The Pyrrhichios dance (“Pyrrhic dance”; Ancient Greek: πυρρίχιος or πυρρίχη, but often misspelled as πυρρίχειος or πυρήχειος) was the best known war dance of the Greeks. It was probably of Doric origin and practiced at first solely as a training for war. Plato (leges, p. 815) describes it as imitating by quick movements the ways in which blows and darts are to be avoided and also the modes in which an enemy is to be attacked. It was dance to the sound of the aulos; it’s time was quick and light, as is also shewn by the metric foot called pyrrhic.

It was described by Xenophon in his work the Anabasis. In that work he writes that at a festival was held in Trapezus to celebrate the arrival of his troops in the city. The following is the part in which the pyrrhic dance is mentioned:

“A Mysian who saw that they were amazed, retorted by persuading one of the Arcadians who had acquired a dancing girl to dress her in the finest costume he could, fit her with a light shield and bring her on to give a graceful performance of the “Pyrrhic” dance. Thereupon there was a roar of applause, and the Paphlagonians asked if the Greek women also fought side by side with their men. The Greeks answered that these were the very women who had routed the king from his camp”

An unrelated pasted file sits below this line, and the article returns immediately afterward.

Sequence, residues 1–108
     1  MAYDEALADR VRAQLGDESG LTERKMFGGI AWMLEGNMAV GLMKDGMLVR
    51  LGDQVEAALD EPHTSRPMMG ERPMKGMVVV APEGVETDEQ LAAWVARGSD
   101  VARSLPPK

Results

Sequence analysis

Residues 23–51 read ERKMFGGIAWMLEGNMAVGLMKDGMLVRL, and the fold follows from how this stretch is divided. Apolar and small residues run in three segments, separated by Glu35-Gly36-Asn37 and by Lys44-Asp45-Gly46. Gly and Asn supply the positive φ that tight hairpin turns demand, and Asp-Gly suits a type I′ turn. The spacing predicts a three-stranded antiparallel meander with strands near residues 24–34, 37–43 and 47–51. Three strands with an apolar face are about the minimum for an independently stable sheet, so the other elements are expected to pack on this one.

Also Homer refers to Pyrrihios and describes how Achilles danced it around the burning funeral of Patroclos. The dance was loved in all of Greece and especially the Spartans considered it a kind of light war training and so they taught the dance to their children while still young.

 

Legends about the origin of the dance were various and widespread throughout the Greek world, but at least one tradition linked the dance with the figure of the goddess Athena, who first invented it to celebrate her birth (Lucian, Dial. Deorum 13) or her victory over the Titans (Dion. Hal. Ant. Rom. 7,72,7). In Athens, the pyrriche was indeed included in the competitions held at the most important civic festival for Athena, the Panathenaic Games. Competitions of choruses dancing the pyrriche were held at the Panatenaia, as it is mentioned twice by the defender of Lysias’ Oration 21 (21.1 and 21.4). The second passage (quoted from the Perseus Project) reads:

Then, later, I was appointed to produce a chorus of children, and spent more than fifteen minae. In the archonship of Eucleides1 I produced comic drama for Cephisodorus and won a victory, spending on it, with the dedication of the equipment, sixteen minae; and at the Little Panathenaea I produced a chorus of beardless pyrrhic dancers, and spent seven minae.